Mary Jo Maynes is Professor of History at the University of Minnesota. She is the author of Taking the Hard Road: Life Course and Class Identity in French and German Workers' Autobiographies of the Industrial Era and author or coeditor of several other books. Jennifer L. Pierce is Associate Professor of American Studies at the University of Minnesota. She is the author of Gender Trials: Emotional Lives in Contemporary Law Firms and coeditor of two books. Barbara Laslett is Professor of Sociology Emerita at the University of Minnesota. She is the coeditor of several books, including Feminist Sociology: Life Histories of a Movement.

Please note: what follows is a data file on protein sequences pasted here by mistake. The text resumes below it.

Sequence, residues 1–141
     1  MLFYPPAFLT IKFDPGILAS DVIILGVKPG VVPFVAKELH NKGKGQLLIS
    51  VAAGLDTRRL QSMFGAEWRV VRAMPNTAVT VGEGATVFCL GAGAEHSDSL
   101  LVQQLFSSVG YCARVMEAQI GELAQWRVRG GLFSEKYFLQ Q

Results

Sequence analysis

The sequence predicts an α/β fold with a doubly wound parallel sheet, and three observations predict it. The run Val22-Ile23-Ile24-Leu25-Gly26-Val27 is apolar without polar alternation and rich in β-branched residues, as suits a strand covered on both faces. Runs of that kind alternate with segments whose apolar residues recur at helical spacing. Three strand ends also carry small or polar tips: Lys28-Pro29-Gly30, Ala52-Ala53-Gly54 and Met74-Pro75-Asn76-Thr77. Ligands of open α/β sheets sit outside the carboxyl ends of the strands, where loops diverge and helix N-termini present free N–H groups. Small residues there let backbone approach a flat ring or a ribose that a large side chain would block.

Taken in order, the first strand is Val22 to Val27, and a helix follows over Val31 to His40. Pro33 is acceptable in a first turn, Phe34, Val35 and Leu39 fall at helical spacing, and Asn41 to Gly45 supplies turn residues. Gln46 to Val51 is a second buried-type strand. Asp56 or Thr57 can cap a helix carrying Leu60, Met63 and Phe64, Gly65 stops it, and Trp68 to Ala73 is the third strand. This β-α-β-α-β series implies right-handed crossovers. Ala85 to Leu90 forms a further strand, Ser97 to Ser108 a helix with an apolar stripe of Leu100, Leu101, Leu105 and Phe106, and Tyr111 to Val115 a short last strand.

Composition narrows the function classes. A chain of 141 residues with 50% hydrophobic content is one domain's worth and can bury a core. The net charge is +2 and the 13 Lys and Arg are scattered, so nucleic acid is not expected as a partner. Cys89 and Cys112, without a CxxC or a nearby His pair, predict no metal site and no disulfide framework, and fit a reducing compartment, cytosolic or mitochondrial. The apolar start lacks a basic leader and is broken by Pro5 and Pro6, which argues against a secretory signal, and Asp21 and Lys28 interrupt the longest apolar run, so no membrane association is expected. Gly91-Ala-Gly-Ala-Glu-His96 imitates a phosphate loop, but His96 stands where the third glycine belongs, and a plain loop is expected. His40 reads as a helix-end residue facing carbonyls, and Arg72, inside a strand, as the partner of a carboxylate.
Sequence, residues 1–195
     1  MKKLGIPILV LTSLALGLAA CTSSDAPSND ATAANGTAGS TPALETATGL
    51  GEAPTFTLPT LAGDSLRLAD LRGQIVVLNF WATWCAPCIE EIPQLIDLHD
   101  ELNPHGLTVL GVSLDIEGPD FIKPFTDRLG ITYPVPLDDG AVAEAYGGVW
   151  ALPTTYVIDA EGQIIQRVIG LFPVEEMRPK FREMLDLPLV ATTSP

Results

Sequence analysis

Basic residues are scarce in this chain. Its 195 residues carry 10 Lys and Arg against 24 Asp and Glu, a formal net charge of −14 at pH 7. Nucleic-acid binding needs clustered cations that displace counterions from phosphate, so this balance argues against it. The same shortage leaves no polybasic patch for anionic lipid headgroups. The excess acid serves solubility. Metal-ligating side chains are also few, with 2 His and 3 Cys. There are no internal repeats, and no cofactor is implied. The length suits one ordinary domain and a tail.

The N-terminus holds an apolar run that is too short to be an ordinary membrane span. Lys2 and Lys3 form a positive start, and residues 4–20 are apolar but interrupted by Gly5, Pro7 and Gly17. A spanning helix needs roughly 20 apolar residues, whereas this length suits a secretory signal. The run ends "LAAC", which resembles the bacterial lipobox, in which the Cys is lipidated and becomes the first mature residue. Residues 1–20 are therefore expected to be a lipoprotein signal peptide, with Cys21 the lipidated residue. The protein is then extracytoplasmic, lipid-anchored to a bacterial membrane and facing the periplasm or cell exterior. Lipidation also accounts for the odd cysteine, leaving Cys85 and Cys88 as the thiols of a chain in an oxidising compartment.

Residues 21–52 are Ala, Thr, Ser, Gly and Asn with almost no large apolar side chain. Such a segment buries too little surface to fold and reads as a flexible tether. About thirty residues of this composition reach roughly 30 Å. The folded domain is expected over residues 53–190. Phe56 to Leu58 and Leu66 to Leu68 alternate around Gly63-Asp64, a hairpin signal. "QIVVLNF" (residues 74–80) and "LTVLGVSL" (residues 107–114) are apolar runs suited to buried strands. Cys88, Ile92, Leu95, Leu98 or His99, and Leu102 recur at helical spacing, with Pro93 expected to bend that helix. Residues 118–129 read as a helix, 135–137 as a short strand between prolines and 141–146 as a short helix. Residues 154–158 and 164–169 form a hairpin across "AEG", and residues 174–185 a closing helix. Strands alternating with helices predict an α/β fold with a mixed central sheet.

"This decade has witnessed the publication of several anthologies that focus on how to design and conduct oral history projects; introduce and illustrate new applications of oral history to geographical, historical, and social research; and discuss the application of new technologies to oral history methodology... In this new, important corollary to these works, the authors emphasize the research opportunities available through analysis of personal narratives: 'Read carefully, these sources provide unique insights into the connections between individual life trajectories and collective forces and institutions beyond the individual.' Telling Stories belongs in every oral history collection. Summing Up: Essential."-Choice, July 2009 "Each of these authors brings a wealth of insight and experience to this discussion of the distinctively illuminating arguments that can be drawn from personal narrative materials. Theoretically sophisticated and grounded in an intriguing array of empirical works, Telling Stories will be an indispensable resource for those interested in any variety of life-story research."-Marjorie DeVault, Syracuse University, author of Liberating Method: Feminism and Social Research "Telling Stories is an invaluable guide to making sense of personal narratives across two key disciplines: social science and history. This clear, thoughtful, and comprehensive guide to key issues and their interpretation-questions on agency, subjectivity, intersubjectivity, the complexity of narrative genres-is essential reading as we work to comprehend this key source in the production of knowledge."-Faye Ginsburg, David B. Kriser Professor of Anthropology, Director, Graduate Program in Culture and Media, and Director, Center for Media, Culture and History, New York University "Telling Stories provides an instructive and usable map of approaches to working with personal narratives. The authors' careful readings of a number of key texts are clear and graceful."-Michael Frisch, University at Buffalo, SUNY "Telling Stories supports the value of the narrative turn and offers well-grounded advice to would-be narrative historians."-Arthur W. Frank, University of Calgary